Aaron Hernandez
Aram Boghosian for The Boston Globe/Getty

This week prosecutors and Aaron Hernandez's defense team sparred over the admissibility of his tattoos in an upcoming murder trial

December 29, 2016 06:23 PM

Former NFL star Aaron Hernandez, who was found guilty of murdering Odin Lloyd last year, is facing another trial on Feb. 13 — this time over accusations he murdered Daniel de Abreu and Safiro Furtado in a drive-by shooting outside of a Boston nightclub in 2012.

In a Massachusetts court on Tuesday, the prosecution and defense sparred over several tattoos that Hernandez, 27, got in 2013. Two of the them are pictures of handguns. Another tattoo says “God forgives” — written backwards so that it can be viewed in a mirror.

Because both of the guns portrayed in the tattoos match those that prosecutors say were used in the fatal shootings, Suffolk First Assistant District Attorney Patrick M. Haggan argued that the body art “is, in fact, an admission by Mr. Hernandez” and should be admissible in court at trial.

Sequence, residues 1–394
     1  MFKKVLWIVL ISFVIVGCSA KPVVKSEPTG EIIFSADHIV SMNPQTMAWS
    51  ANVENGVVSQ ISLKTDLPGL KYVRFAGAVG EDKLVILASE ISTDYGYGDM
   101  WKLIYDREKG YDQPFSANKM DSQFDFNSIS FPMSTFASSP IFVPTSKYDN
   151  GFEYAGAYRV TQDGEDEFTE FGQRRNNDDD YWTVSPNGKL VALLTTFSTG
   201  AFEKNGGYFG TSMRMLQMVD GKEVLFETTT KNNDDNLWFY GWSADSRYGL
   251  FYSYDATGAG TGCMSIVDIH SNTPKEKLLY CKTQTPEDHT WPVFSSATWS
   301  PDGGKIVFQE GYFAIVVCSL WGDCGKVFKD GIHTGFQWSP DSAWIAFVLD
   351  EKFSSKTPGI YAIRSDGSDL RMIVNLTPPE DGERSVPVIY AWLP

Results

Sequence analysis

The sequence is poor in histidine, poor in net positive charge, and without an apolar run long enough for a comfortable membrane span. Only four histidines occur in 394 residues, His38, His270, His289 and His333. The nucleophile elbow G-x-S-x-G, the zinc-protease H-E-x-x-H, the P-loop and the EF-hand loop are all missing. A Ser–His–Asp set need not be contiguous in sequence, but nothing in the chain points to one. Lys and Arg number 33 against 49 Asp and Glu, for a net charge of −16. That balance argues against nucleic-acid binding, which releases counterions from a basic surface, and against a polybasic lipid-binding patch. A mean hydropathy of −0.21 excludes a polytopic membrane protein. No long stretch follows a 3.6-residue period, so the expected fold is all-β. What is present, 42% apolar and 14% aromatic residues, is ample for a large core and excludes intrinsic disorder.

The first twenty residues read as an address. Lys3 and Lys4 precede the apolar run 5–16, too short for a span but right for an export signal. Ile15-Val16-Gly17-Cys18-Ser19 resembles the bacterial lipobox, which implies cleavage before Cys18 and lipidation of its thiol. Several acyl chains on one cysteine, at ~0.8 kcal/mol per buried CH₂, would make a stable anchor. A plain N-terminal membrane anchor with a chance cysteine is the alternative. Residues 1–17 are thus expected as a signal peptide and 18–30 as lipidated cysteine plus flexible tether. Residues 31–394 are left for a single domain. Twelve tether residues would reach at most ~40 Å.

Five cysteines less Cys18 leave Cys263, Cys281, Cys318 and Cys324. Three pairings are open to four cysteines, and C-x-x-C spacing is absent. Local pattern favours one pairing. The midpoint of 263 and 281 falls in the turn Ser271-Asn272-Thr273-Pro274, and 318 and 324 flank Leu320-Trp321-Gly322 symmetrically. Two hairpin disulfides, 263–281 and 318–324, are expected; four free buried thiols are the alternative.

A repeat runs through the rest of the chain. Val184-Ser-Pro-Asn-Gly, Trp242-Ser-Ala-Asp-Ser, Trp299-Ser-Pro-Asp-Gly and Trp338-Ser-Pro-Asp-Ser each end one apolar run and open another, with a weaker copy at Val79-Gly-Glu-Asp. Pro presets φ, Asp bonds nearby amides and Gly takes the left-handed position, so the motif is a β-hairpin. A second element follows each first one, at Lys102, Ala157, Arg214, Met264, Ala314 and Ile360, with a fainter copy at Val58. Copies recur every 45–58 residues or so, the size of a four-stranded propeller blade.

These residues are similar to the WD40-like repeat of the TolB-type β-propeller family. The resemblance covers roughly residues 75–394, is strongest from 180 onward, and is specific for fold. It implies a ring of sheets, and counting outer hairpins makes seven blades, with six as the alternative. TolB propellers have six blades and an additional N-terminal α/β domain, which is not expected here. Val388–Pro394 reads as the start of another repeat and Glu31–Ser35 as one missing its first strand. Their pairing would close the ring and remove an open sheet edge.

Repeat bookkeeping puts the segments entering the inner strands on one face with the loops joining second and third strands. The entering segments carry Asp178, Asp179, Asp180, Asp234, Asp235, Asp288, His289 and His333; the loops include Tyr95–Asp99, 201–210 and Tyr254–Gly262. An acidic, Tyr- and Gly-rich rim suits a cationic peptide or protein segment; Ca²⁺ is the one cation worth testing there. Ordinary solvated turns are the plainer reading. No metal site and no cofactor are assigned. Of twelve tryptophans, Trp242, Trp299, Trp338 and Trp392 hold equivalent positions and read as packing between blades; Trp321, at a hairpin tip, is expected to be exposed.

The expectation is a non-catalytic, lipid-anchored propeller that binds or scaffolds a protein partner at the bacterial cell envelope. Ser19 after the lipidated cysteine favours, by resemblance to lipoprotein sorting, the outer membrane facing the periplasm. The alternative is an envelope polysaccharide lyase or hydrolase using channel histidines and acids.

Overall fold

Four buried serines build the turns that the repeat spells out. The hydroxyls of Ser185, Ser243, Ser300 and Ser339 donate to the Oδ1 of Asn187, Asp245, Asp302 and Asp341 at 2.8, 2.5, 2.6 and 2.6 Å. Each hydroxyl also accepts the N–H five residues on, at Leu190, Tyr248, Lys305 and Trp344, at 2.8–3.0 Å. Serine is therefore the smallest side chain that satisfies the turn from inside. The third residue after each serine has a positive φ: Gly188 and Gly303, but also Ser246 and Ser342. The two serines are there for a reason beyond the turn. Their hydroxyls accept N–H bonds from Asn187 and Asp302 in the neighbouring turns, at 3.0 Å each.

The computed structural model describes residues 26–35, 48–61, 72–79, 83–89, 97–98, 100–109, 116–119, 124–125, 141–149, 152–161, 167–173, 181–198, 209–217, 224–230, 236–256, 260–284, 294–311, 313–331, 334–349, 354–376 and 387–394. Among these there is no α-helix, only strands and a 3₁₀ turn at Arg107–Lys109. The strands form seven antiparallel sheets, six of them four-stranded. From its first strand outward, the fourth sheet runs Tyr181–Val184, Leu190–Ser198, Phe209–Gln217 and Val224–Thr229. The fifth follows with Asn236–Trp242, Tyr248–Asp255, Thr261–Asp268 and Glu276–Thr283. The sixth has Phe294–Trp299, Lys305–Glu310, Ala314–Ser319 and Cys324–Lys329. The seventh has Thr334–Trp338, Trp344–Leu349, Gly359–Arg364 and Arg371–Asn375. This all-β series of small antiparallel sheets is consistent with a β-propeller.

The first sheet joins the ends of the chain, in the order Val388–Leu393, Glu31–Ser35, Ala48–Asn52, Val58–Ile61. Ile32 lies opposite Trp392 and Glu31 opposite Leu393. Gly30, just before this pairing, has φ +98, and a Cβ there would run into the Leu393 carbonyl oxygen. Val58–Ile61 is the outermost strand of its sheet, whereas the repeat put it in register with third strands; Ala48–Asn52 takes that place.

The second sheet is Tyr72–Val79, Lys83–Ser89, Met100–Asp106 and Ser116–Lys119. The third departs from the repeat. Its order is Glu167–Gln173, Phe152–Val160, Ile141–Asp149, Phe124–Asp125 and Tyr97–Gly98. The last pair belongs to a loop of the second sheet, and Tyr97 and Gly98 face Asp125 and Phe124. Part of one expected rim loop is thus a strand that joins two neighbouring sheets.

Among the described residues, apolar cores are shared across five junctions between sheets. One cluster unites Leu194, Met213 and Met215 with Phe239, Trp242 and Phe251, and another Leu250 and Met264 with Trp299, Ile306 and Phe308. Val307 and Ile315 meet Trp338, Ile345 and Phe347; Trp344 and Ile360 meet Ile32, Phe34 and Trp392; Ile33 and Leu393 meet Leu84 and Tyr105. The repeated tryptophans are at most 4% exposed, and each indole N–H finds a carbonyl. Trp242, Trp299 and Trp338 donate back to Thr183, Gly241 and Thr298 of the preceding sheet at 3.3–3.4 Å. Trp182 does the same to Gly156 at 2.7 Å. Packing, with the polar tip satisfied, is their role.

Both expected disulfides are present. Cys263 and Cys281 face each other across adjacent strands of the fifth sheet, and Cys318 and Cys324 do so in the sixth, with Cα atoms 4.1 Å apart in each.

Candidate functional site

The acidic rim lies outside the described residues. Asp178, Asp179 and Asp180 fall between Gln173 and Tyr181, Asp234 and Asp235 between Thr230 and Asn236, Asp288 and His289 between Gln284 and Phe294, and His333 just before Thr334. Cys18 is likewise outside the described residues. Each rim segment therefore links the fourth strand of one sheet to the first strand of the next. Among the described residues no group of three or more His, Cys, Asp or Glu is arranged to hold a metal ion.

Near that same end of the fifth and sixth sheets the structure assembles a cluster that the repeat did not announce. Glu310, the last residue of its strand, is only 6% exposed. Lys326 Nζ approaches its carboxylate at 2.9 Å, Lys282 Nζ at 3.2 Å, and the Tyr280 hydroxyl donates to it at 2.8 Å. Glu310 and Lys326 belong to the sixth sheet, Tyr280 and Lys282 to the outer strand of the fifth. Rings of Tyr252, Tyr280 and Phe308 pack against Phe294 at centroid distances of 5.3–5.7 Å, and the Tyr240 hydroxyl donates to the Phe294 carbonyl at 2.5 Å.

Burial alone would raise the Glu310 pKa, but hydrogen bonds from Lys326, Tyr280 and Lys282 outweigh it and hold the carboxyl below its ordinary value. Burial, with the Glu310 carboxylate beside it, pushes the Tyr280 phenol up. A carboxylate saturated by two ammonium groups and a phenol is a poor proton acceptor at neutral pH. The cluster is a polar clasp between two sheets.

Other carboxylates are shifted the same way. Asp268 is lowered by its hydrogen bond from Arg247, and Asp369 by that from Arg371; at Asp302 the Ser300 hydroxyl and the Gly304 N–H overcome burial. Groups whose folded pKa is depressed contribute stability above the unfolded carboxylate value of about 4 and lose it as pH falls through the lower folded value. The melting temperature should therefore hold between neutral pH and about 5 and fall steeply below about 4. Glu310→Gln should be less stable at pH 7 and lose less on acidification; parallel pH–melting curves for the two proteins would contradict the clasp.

But Hernandez’s defense attorneys disagreed, arguing that was “rank speculation” and that presenting the evidence to a jury would be prejudicial.

“That people get tattoos with a gun on them does not mean that the Commonwealth is allowed to file inference on top of inference on top of inference and get to the point that this is an admission,” defense attorney Ronald S. Sullivan Jr. told the judge.

• Want to keep up with the latest crime coverage? Click here to get breaking crime news, ongoing trial coverage and details of intriguing unsolved cases in the True Crime Newsletter

While Hernandez is already spending life in prison for Lloyd’s murder, he is aggressively fighting the latest charges against him, hiring high-profile attorney Jose Baez to defend him in the trial.

Baez is best known for representing Casey Anthony. He has since represented several high-profile defendants including Bobbi Kristina Brown’s boyfriend Nick Gordon, former Aruba murder suspect Gary Gioradano and “King of Instagram” Dan Bilzerian.

Suffolk Superior Court Judge Jeffrey Locke has not yet issued a ruling on the admissibility of the tattoos.

You May Like